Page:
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Carmarthenshire

More trees removed due to Ash Dieback near Hendy

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Carmarthenshire Council say work is continuing throughout the county to remove diseased ash trees on council land – with the latest felled overnight adjacent to the A4138 Hendy link road.

Specialist contractors worked through the night to remove the dead or dying trees, which were causing a hazard to motorists and pedestrians according to the council.

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Ash dieback is a fungal disease, it spreads from the leaves through to the branches, causing the tree to die. Dead branches and entire dead trees can become very brittle and fall, posing a serious risk to the public.

Now the council are reminding landowners with diseased trees it is their legal responsibility to make sure their trees do not pose an unacceptable risk to people and property.

They also warn that landowners also need to adhere to the law to avoid harming birds their eggs and nests when undertaking any work.

Where private trees are deemed an “imminent threat” and landowners have already been contacted by the authority, they are now being served with a Legal Notice to remove the trees.

The council say that failure to comply with the notice will lead to the authority removing the risk and charging the tree owner for the work.

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The authority added that it has a legal duty under the Highways Act to keep roads safe for users and ash dieback is a serious issue for both the council and landowners.

They also stressed that this is a dangerous and specialised job and the council have employed qualified and experienced tree surgeons to complete this work.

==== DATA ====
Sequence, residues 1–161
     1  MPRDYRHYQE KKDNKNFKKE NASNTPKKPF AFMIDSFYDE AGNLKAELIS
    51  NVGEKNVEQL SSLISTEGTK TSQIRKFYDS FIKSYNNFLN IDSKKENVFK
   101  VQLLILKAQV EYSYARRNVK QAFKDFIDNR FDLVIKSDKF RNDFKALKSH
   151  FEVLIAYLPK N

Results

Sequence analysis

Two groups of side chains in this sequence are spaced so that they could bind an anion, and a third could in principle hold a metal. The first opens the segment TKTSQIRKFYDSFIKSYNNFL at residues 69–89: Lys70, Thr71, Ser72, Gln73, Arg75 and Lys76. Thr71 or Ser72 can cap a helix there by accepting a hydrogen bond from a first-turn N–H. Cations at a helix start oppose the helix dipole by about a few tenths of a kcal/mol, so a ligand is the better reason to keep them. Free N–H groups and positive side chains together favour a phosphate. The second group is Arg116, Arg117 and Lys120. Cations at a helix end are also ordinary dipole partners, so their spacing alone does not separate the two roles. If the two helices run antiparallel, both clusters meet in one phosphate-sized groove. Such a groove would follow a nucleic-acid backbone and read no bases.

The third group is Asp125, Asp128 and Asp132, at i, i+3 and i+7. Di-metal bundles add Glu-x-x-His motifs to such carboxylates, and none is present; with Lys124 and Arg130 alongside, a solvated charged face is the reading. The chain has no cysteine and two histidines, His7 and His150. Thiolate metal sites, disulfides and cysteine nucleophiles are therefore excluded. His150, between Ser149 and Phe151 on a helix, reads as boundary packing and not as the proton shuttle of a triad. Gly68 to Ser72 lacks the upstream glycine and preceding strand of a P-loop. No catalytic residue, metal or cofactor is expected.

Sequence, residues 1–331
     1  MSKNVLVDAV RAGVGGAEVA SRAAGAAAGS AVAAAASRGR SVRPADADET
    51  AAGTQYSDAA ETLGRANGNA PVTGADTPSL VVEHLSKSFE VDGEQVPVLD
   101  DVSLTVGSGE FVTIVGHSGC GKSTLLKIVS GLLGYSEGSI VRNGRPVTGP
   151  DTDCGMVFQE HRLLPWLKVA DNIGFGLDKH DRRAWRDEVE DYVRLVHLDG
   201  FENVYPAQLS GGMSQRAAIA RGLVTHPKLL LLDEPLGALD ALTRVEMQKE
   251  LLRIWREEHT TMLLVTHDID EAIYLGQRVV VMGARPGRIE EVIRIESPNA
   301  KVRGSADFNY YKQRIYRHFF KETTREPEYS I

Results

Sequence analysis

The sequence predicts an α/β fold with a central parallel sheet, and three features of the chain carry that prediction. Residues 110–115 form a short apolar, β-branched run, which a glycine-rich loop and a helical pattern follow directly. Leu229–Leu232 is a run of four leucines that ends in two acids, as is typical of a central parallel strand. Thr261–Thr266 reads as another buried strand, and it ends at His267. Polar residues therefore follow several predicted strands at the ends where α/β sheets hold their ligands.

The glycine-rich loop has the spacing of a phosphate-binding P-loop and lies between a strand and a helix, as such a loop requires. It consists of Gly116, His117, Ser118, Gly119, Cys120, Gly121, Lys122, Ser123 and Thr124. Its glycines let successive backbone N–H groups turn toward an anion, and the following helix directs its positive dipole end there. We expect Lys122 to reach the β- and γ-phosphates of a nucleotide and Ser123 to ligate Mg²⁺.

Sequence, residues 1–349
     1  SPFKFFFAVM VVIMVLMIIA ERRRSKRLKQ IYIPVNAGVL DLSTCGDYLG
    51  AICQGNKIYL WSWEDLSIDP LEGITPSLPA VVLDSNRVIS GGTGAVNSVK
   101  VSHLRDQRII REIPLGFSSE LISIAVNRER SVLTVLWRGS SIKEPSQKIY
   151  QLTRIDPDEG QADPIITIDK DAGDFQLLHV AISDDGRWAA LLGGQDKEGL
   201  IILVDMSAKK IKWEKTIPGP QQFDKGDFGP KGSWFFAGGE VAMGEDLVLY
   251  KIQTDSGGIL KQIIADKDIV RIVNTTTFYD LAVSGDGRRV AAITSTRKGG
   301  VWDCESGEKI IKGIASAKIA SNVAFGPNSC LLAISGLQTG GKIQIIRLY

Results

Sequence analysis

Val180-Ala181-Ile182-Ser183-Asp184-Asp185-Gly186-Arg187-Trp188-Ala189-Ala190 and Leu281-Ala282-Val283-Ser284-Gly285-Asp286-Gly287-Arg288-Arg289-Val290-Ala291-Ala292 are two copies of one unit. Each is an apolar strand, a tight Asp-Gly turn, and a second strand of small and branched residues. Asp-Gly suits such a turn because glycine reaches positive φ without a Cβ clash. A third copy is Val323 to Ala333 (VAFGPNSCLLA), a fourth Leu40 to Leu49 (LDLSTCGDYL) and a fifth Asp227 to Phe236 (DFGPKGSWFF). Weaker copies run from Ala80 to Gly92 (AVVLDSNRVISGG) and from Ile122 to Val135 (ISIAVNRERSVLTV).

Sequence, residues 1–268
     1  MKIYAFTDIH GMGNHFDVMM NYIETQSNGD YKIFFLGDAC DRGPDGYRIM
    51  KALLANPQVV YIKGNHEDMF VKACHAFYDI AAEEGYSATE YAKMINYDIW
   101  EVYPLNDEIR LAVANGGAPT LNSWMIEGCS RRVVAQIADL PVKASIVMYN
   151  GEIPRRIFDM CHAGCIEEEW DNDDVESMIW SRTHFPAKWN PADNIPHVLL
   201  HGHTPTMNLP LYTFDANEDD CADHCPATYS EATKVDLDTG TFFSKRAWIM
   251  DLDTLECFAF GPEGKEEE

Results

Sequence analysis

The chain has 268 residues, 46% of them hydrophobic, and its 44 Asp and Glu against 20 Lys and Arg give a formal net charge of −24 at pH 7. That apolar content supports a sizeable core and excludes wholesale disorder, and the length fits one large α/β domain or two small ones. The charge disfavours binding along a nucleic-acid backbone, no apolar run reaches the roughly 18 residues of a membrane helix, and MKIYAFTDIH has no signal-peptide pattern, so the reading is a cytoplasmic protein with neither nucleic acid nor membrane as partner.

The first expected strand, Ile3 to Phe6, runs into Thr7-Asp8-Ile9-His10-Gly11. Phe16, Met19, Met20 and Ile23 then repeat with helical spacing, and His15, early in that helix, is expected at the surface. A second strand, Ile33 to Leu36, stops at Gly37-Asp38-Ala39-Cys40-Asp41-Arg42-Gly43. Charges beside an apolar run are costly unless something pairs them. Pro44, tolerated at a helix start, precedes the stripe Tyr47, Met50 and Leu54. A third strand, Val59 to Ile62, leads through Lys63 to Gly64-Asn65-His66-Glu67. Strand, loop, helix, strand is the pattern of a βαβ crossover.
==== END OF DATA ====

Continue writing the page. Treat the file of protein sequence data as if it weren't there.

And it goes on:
Carmarthenshire County Council Director for Environment, Ainsley Williams, said: “Unfortunately we have had to start serving legal notices on landowners who have failed to remove these diseased trees.

“We have a legal duty under the Highways Act to keep our roads safe for users and ash dieback is a serious issue for both the council and landowners.

“Landowners should also ensure that they comply with the provisions of the Wildlife and Countryside Act 1981 in respect of the avoidance of harm to birds their eggs and nests when planning to remove them.”

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Carmarthenshire County Council is also pushing forward with its tree planting program to help mitigate against some of the losses.

Recently 120 trees have been planted at the Parc Dewi Sant site in Carmarthen with plans to plant more later this year.

Preparations for tree planting are also underway at other large sites in the county.

(Lead image: Creative Commons / M J Richardson)

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